7) Reinvigorated a couple underperforming income streams. After doing a comprehensive analysis of my 2014-2015 passive income streams, I realized that my Lake Tahoe vacation property and P2P lending portfolio were sorely lacking. As a result, I’ve written a post about the Lake Tahoe vacation rental property to help market it online, and I’ve invested new money into my Prosper account to beef it up given it generates a respectable ~7.5% return with absolutely no effort after two years.
8) Built a client base of personal finance consulting clients. One of the most gratifying feelings is helping someone secure their finances on a one-to-one basis. I no longer advertise my services because I don’t have enough time to meet demand, but I am absolutely thrilled by one client who more than doubled her retirement fund this year. Meanwhile, another client was able to sort through the madness of leaving a job he hates for a new opportunity with the maximum amount of exit money possible. If online revenue nose dives for whatever reason, I plan on ramping up the personal finance consulting business.
9) Got bumped to a US Tennis Association 5.0 ranking from 4.5. This was one of my biggest shocks after going a mediocre 6-5 in 2014. We won the 4.5 City Championships again in 2014 and came close to winning Districts. In 2012 I went 12-0, followed by 9-3 in 2013. As you can see, I’m on the decline! But the USTA algorithm decided to bump an old man like me up to 5.0. I’m probably going to do terrible in 5.0, unless I get an amazing doubles partner because 5.0 players are almost all division I college players, most of whom are still in their 20s. But who knows! It’ll be a good challenge to try and play like I once did in high school. There are probably less than 5% of all USTA members who are 5.0 rated in the country.
10) Maintained a healthy relationship with all loved ones. I’ve been actively trying to be a better son, brother, partner and friend to all the people I care about the most by making physical visits, writing e-mails, and connecting over the phone. My family is dispersed throughout, and it sometimes makes connecting difficult. I still think I need to do a better job talking with my mom, but I’m pleased to realize we never had any arguments this year at the very least.
WHAT DIDN’T GO TOO WELL IN 2014
1) Spent way outside my comfort zone. Due to the purchase of a fixer property in May, I spent above my normal comfort zone for four months in a row. Even though I set aside some money for the remodel, it still felt horrendous not saving given I’ve been saving at least 50% of my after tax income for 15 years. I discuss my thoughts in The Natural Savings / Spending Balance. At least I paid down about $190,000 of my rental property mortgage.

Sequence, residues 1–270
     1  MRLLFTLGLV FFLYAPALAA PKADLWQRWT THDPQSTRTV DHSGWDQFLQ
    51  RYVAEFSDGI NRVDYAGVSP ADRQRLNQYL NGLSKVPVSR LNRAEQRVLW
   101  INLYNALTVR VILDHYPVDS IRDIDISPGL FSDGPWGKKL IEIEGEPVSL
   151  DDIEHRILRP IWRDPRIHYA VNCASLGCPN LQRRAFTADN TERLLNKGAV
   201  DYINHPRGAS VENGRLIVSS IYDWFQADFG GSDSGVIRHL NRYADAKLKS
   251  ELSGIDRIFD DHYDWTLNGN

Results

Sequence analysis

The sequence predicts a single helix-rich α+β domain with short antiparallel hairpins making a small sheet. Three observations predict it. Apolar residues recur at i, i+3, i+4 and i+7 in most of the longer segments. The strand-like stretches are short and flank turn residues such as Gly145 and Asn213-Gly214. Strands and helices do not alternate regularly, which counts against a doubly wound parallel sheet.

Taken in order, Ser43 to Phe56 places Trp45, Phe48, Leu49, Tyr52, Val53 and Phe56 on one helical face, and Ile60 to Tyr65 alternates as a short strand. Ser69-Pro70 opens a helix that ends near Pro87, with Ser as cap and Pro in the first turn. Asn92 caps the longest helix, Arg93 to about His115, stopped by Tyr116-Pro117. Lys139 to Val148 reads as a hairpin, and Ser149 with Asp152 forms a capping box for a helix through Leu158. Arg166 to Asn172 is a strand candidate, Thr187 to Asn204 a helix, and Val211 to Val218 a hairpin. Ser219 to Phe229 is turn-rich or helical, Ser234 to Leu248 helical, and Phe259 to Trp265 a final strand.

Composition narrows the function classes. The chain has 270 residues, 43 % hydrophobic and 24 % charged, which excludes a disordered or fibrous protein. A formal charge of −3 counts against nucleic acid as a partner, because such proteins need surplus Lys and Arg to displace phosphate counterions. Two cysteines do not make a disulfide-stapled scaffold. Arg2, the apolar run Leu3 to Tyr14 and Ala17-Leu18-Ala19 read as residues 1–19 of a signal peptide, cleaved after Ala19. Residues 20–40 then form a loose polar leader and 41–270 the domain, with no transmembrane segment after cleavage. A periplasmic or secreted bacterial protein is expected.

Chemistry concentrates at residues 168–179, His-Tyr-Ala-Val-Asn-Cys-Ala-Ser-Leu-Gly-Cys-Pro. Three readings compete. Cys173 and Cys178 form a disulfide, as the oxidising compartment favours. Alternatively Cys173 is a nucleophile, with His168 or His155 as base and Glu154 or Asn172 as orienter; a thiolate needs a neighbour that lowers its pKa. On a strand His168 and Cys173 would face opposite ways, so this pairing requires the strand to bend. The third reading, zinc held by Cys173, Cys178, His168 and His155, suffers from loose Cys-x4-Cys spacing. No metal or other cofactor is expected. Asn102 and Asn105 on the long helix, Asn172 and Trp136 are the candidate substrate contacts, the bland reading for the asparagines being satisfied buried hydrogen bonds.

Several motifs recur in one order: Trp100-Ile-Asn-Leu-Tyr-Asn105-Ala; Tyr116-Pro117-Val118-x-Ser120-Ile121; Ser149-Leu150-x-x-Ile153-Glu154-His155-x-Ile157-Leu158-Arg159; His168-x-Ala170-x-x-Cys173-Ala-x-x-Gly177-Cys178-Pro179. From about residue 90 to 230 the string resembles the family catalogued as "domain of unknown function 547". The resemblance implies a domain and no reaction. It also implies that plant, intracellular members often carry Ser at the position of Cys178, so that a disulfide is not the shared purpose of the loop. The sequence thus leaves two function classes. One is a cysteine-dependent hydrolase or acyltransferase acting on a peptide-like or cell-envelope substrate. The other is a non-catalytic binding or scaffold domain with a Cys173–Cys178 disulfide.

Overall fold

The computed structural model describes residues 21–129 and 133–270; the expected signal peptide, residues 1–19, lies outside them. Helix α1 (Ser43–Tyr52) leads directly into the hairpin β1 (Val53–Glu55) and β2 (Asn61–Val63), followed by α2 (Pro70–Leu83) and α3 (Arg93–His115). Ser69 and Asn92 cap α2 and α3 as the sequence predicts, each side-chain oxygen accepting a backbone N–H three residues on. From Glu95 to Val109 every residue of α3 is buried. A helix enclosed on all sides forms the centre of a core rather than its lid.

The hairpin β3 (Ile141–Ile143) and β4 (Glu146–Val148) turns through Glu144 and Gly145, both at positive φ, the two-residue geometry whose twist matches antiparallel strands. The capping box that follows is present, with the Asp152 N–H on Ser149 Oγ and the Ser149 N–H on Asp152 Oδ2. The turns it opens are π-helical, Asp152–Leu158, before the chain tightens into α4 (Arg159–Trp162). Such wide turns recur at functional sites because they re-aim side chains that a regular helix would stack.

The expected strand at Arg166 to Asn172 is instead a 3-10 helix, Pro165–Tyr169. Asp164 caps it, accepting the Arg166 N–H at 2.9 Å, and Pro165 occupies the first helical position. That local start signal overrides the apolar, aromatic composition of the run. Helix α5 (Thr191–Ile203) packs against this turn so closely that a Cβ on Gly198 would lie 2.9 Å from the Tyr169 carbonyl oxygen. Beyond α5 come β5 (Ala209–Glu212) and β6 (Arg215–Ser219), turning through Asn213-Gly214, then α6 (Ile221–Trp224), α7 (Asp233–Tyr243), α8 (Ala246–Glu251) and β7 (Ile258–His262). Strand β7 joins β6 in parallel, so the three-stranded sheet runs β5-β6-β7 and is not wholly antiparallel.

2) Started to get stressed again. One of the big benefits of leaving Corporate America is the large reduction in stress. My TMJ (jaw tightness) and chronic golfer’s elbow went away between 2012 and 2013. Even though I’m not trying to climb the corporate ladder at my consulting job, I wasn’t able to keep stress at bay due to deadlines, production demands, and personnel changes. I sensed multiple times my TMJ and golfer’s elbow come back as a result. Furthermore, I’ve begun snoring louder than normal. I’m so used to being a workaholic that I went way beyond my 25 hours a week contracting agreement for the entire year. I’ll write about this in a future post.
3) Got swindled, twice! The first swindle was buying a fake home theater system that turned out to be a cheap knockoff. The upside is that it works fine and the overall cost is about $700 less than what I would have spent for an alternative system. I just thought I was getting way more. I’m just amazed at how people can feel OK with themselves for trying to con other people. I was also cheated by another ~$2,000 from an electrician who overcharged me for his work. He dropped by before I went to work and said he’d be done in two hours. Nine hours later, he texted me saying he was still working. He charged me, and I later find out he did the work wrong. Sigh.
4) Received my first moving violation ticket in eight years. What a burn to get a speeding ticket going 35 mph on a three lane road in a 25 mph zone. At least I made the most of the experience by writing three posts helping other people out who might be wondering whether to go to court to fight, and how to minimize getting traffic tickets.